University of Haifa: Most ancient Hebrew biblical inscription deciphered
- EurekAlert! and other sources have published a University of Haifa press
release concerning the deciphering of the Elah Fortress/Khirbet Qeiyafa
inscription by Prof. Gershon Galil.
The press release, entitled "Most ancient Hebrew biblical inscription
deciphered", has not yet been posted at the university's website.
It may be read at
According to EurekAlert!, the English translation of the deciphered text
1' you shall not do [it], but worship the [Lord].
2' Judge the sla[ve] and the wid[ow] / Judge the orph[an]
3' [and] the stranger. [Pl]ead for the infant / plead for the po[or and]
4' the widow. Rehabilitate [the poor] at the hands of the king.
5' Protect the po[or and] the slave / [supp]ort the stranger.
The release begins: "Prof. Gershon Galil of the University of Haifa who
deciphered the inscription: 'It indicates that the Kingdom of Israel already
existed in the 10th century BCE and that at least some of the biblical texts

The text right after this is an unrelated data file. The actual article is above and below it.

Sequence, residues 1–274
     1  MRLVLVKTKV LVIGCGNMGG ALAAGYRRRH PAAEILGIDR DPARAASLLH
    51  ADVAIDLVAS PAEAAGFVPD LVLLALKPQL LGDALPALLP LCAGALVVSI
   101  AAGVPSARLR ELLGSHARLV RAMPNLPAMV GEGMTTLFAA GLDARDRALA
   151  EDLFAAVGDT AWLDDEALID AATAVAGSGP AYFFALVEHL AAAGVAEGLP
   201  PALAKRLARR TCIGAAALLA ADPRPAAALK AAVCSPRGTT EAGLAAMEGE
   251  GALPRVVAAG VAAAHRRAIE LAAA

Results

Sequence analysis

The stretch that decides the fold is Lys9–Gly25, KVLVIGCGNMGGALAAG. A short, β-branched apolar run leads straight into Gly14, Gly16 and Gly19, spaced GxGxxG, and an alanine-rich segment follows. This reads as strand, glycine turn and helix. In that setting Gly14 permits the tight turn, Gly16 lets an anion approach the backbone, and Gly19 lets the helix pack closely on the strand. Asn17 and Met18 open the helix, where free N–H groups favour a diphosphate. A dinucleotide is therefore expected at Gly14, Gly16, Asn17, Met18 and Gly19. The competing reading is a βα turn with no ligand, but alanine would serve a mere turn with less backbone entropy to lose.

were written hundreds of years before the dates presented in current
The release ends with the following: "The contents of the text express
social sensitivity to the fragile position of weaker members of society. The
inscription testifies to the presence of strangers within the Israeli
society as far back as this ancient period, and calls to provide support for
these strangers. It appeals to care for the widows and orphans and that the
king - who at that time had the responsibility of curbing social
inequality - be involved. This inscription is similar in its content to
biblical scriptures (Isaiah 1:17, Psalms 72:3, Exodus 23:3, and others), but
it is clear that it is not copied from any biblical text."
Other sites with the release include:
A brief AFP article on the subject ("Archaeologists claim discovery of
oldest Hebrew writing") may be read at
Joseph I. Lauer
Brooklyn, New York
> 1.1. Reflections on the EES Excavations at AmarnaThere are short film clips of Sir Henry Wellcome's 1911-14 excavations
> Posted by: "Brian" r.brianroberts@... r.brianroberts
> Date: Wed Mar 14, 2012 7:11 am ((PDT))
> I quite accidentally discovered a set of short videos on Youtube comprised of film shot during the 1930-1933 seasons at Amarna, under the Directorship of John Pendlebury. The first thing that occurred to me was how ahead of his time he was to realize the power of the moving image to enthrall the public back home! And secondly, it may be the first multimedia excavation ever (in their case, printed report and film).
> Does anyone on the list know if that's true?
at the famous site Jebel Moya, south-central Sudan, which I am
re-examining. The clips are available on the Wellcome Trust's website.
University College London